If you only know a single word in Russian, it is likely that one word is privet (привет), meaning “hello.” But did you know that this greeting is only one of the many ways you can say hello in Russian? Russian has a wide variety of expressions across the formality spectrum, which are used depending on how well the speakers know each other and the specific conversational context. From slang to professional greetings, this article will have you prepared to greet any Russian speaker you encounter.
1. Privet (Привет)
This is the most basic Russian greeting, simply meaning “hello.” This is an informal way to address anyone from friends to family members, and has the same usage as “hi” or “hey.” The response is usually the same back, but you can also mix it up with any of the other greetings below!
2. Zdravstvuite (Здравствуйте)
This is the formal version of “hello” and can be used in any situation from a doctor’s office to a day out shopping. Note that because of the formality, you would not use this with friends. In fact, this word is actually plural, meaning it can be used to greet a group of people or just a single person to whom you wish to show respect. This greeting also has a shortened informal singular form, zdravstvui (здравствуй), which you can use with people you are more familiar with.
If you want to greet someone you are even closer to, you can shorten this word even more to zdrastee (здрасьте). Because this greeting is abbreviated, some people might see it as rude or lazy if you use it instead of one of the more proper forms. Therefore, it is best to save it for friends and people who will see it as endearing rather than offensive.
If someone says one of these greetings to you, you can use their level of formality as your cue and repeat the same form of the greeting back to them.
3. Dobroe utro/den/vecher (Доброе утро/день/вечер)
This greeting structure is based on the time of day you are using it. Just as with the English “good morning/afternoon/evening,” dobroe (доброе) means “good,” (though the literal meaning is “kind,”) and the second word designates the time of day. Utro (утро) means “morning,” and is used until noon. Den (день), literally meaning “day,” is used from noon until about 6 pm. Vecher (вечер) means “evening” and is used anytime after 6. These greetings are all quite formal, but can be used in most contexts with people you are not very close to. The response is the same phrase repeated back, or zdravstvuite (здравствуйте), since the greetings have a similar level of formality. These phrases can also be repeated at the end of the conversation, to bid someone goodbye.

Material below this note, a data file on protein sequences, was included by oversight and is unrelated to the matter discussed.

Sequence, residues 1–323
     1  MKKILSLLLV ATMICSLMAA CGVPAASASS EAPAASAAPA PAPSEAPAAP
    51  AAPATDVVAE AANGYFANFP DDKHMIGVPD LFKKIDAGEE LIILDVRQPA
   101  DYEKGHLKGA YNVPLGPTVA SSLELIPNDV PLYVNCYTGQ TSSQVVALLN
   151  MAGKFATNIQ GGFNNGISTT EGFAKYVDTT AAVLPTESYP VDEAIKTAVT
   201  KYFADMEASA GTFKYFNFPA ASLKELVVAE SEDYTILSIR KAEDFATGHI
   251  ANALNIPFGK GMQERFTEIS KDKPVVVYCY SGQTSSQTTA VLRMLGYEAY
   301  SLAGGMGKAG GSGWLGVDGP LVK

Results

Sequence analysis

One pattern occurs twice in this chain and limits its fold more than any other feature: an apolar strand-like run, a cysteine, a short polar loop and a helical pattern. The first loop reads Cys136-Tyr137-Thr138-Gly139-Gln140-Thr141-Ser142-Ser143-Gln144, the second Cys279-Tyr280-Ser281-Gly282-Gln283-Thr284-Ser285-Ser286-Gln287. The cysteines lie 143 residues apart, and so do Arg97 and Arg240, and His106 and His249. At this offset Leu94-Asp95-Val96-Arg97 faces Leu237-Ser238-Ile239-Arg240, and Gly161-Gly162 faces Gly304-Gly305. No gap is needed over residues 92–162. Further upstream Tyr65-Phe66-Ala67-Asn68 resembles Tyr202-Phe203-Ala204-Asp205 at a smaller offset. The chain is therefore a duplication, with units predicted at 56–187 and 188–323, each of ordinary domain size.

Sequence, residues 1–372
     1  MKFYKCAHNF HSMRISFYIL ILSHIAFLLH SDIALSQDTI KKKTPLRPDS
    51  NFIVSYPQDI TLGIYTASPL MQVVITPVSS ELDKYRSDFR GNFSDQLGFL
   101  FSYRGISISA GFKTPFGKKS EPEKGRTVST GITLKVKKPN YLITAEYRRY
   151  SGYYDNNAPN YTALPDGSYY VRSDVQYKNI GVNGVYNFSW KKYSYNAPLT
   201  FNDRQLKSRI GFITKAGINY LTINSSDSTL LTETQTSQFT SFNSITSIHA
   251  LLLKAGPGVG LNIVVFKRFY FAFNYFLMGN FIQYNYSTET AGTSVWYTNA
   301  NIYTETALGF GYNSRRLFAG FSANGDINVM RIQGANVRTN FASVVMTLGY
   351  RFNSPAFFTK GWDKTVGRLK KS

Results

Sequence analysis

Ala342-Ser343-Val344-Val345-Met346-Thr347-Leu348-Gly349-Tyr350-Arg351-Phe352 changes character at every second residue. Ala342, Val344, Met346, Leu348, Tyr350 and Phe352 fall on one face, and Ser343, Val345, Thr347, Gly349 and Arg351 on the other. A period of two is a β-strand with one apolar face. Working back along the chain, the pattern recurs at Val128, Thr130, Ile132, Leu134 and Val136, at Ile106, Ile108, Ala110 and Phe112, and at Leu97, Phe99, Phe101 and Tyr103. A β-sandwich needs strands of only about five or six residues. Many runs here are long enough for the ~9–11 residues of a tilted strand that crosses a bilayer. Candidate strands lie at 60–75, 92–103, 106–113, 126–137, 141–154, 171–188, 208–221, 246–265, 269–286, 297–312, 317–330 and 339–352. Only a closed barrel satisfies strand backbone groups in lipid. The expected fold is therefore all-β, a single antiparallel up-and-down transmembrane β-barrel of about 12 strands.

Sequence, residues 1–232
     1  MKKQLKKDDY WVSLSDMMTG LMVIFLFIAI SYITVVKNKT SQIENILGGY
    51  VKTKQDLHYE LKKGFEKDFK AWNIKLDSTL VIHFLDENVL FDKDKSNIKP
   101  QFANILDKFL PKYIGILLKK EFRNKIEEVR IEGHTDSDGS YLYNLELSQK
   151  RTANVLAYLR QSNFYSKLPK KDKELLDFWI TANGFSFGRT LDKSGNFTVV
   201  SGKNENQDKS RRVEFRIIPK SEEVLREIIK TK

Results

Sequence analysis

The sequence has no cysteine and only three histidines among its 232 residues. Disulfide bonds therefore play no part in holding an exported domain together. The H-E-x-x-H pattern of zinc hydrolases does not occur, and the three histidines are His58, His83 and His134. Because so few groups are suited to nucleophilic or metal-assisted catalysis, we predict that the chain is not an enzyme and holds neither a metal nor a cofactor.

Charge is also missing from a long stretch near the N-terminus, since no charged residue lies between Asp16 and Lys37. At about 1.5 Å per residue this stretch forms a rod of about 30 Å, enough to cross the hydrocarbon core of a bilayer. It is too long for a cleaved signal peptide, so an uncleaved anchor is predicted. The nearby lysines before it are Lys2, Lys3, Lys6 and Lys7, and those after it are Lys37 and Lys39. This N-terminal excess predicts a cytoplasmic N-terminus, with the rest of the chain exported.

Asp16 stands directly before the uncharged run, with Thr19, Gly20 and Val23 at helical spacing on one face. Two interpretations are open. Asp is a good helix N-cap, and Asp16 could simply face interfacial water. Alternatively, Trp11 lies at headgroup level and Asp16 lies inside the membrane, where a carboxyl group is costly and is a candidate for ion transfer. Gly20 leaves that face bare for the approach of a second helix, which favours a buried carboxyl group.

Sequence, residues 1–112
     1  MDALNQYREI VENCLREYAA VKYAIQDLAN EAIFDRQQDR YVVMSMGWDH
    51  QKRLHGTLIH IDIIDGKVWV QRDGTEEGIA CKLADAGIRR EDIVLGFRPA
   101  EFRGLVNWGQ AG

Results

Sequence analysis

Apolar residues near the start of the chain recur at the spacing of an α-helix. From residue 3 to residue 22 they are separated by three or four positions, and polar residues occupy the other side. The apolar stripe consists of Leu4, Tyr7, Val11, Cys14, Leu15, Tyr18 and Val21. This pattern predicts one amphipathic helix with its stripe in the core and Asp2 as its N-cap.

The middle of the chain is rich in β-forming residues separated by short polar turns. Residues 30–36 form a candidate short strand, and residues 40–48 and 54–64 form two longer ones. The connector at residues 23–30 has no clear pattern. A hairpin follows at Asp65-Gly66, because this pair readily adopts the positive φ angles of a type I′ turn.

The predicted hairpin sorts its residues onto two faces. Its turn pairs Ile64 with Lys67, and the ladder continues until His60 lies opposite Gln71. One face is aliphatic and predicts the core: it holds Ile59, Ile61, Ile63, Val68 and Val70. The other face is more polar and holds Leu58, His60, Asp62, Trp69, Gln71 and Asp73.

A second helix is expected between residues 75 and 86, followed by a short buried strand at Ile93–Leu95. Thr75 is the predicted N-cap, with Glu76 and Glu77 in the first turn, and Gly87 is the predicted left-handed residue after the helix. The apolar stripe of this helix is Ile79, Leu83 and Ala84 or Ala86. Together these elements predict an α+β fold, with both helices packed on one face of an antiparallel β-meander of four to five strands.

An important note is that you can also say dobroe nochi (доброе нoчи), meaning “good night,” but, as in English, this is really a way to bid someone farewell in the evening, not a greeting, and has the connotation of “sleep well.”
4. Zdorovo (Здорoво)
This greeting, literally meaning “health,” is an informal greeting that can be used to say “hey” to good friends. This word is pronounced with stress on the second syllable, unlike the word for “great/nice/cool,” zdorovo (здoрово), which is written the same way but stresses the initial syllable. Thankfully both words have a positive meaning, so even if you get the stress wrong, the worst that will happen is that your conversation partner will think you are saying they are really cool!
5. Privetik (Привeтик!)
This informal greeting is a diminutive or “cute” form of the basic privet (привет). This greeting has a playful and childlike connotation, similar to “heya!” It is best to use this greeting only with people you are really friendly with, or with children!
6. Hello (Хеллo) and Hey (Хaй)
If you guessed these greetings came from English, you would be right! These casual greetings are popular among young people and are frequently used online, especially as access to American and Anglo culture is increasing through social media.